The Dalai Lama is a Buddhist from Tibet. He has been living in exile in India since 1959. There have been 13 other Dalai Lama’s before him. Each is believed to be incarnations of the other. Therefore it’s like the same guy in a different body in a different time. The Dalai Lama is believed to be the human incarnation of Avalokiteshvara—“The Lord who looks down”—or the Buddha of Compassion. The proper way to address and refer to the Dalai Lama is “His Holiness the 14th Dalai Lama.” If you check out any books that he’s written, you’ll see “HH” as part of the author name. That means “His Holiness,” which I think is kind of endearing. His name is Tenzin Gyatso, but he was born Lhamo Thondup on July 6, 1935 in a small farming community in Taktser, Amdo in northeastern Tibet. That makes him a Cancer born in the Year of the Boar.

APRIL 12, 2007

MAUI TIME WEEKLY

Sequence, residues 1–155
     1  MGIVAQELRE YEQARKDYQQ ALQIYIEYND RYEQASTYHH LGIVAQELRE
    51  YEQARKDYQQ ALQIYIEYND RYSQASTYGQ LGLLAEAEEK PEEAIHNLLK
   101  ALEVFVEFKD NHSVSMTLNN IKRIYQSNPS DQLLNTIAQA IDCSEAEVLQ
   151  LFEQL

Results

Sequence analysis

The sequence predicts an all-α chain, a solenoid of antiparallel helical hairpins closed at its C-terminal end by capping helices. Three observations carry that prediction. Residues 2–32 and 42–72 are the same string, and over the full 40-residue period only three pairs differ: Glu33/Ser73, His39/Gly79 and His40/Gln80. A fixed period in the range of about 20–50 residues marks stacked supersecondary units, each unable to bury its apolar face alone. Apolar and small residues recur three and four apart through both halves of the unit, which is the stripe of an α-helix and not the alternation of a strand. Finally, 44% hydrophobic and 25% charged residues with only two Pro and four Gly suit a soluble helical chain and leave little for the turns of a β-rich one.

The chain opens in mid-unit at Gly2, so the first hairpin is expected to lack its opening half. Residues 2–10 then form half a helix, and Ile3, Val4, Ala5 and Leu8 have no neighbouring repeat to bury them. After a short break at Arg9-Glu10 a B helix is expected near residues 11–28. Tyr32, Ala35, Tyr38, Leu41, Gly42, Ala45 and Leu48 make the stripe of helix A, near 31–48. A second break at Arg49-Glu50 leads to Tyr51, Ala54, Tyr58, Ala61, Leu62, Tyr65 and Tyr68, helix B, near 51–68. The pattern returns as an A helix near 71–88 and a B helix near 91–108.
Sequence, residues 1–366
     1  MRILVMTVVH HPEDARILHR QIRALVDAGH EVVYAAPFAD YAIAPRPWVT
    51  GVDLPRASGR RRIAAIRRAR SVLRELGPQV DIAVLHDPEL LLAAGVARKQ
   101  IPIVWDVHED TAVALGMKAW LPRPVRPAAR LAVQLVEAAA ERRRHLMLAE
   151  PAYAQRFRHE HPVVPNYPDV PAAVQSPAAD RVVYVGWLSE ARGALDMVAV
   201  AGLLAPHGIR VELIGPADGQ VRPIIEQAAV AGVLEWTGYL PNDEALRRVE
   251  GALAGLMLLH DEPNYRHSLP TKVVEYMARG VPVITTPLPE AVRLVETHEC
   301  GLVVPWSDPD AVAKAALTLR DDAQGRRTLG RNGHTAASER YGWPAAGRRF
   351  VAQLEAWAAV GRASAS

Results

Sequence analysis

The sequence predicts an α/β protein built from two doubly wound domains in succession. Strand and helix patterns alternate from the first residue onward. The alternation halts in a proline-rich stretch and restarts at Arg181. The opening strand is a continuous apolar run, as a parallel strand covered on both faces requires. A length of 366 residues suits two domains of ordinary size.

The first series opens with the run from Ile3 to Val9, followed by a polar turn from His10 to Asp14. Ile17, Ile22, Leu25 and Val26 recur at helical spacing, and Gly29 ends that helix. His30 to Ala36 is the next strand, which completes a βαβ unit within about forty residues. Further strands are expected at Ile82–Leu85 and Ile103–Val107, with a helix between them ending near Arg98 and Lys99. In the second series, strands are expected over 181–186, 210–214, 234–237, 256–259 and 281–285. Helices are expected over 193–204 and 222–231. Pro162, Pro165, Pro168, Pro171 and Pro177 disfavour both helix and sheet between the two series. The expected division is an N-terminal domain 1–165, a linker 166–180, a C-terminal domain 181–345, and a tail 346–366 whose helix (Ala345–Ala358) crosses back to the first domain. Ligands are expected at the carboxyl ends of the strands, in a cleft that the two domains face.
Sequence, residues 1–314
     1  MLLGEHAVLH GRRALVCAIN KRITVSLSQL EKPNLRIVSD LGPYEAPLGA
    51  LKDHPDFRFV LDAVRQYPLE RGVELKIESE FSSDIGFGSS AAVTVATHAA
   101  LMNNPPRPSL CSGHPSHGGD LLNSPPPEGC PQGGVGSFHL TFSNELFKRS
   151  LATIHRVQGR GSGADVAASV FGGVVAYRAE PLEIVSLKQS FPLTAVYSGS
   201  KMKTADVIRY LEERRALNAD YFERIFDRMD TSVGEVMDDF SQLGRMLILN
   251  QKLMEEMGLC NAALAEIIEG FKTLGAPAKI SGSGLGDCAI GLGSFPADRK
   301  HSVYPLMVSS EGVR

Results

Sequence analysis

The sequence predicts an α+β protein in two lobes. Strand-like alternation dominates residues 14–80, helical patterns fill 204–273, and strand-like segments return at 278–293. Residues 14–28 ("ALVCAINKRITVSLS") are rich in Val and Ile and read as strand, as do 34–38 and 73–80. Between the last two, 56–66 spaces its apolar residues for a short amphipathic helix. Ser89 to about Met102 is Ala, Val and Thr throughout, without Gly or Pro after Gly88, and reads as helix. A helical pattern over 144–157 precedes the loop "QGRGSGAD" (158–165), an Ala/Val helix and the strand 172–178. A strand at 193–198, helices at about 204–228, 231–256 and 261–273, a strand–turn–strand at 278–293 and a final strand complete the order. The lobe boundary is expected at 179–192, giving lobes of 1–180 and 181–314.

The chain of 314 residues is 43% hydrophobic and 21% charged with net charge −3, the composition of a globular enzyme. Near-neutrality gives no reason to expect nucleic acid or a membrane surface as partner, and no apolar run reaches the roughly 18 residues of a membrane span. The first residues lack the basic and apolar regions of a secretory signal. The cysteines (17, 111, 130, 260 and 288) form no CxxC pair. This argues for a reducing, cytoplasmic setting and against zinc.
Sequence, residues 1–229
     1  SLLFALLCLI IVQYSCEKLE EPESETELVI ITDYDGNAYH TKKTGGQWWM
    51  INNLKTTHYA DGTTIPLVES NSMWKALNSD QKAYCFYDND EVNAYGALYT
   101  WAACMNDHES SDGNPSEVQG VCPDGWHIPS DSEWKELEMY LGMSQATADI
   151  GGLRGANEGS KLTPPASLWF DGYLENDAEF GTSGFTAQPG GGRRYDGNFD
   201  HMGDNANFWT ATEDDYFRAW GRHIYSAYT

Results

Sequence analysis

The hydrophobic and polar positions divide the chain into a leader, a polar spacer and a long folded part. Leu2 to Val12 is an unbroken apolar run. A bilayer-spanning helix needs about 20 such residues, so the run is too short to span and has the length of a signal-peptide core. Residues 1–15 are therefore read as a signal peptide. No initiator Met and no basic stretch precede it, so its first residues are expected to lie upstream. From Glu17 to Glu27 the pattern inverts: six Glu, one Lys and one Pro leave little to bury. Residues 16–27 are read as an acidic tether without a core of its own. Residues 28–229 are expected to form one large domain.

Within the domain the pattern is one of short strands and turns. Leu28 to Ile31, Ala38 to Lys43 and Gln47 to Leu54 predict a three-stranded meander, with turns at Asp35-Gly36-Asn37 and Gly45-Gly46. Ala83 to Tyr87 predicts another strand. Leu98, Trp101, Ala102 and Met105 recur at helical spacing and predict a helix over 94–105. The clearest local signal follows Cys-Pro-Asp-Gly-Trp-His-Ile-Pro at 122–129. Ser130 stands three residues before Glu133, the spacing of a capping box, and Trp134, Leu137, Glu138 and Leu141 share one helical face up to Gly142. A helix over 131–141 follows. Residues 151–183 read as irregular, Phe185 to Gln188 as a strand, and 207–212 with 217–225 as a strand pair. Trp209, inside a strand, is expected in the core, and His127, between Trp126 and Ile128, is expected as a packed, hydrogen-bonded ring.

At the age of two, it was decided that he was the incarnation of the 13th Dalai Lama who had passed away a few years before. Basically what happened is that the Tibetan government formed a search party to find the new incarnation of the Dalai Lama and several strange things happened. First of all, while the 13th Dalai Lama was lying in state, his head turned from facing south to northeast. The government took this as a sign that maybe they should start looking there. Then a senior lama had a vision that led them to the door of young Lhamo Thondup’s family. They were farmers. His mother gave birth to 16 children—seven of which survived infancy. The search team brought in a bunch of earthly possessions that had belonged to the late 13th Dalai Lama and set them down with other objects in front of the young Lhamo Thondup. He was about two at the time, but he apparently then picked up the stuff that had belonged to the 13th Dalai Lama and said, “It’s mine! It’s mine.” The Dalai Lama speaks English, as well as many other languages. “I’ve been a practicing Buddhist since I was 13,” Wailuku attorney Lance Collins told me. “In 2006 I was in India for a Lalachakra initiation with the Dalai Lama. He speaks English, but if he is talking about something very technical, according to the level of discussion he will do it in Tibetan and have a translator relay the message to the audience.”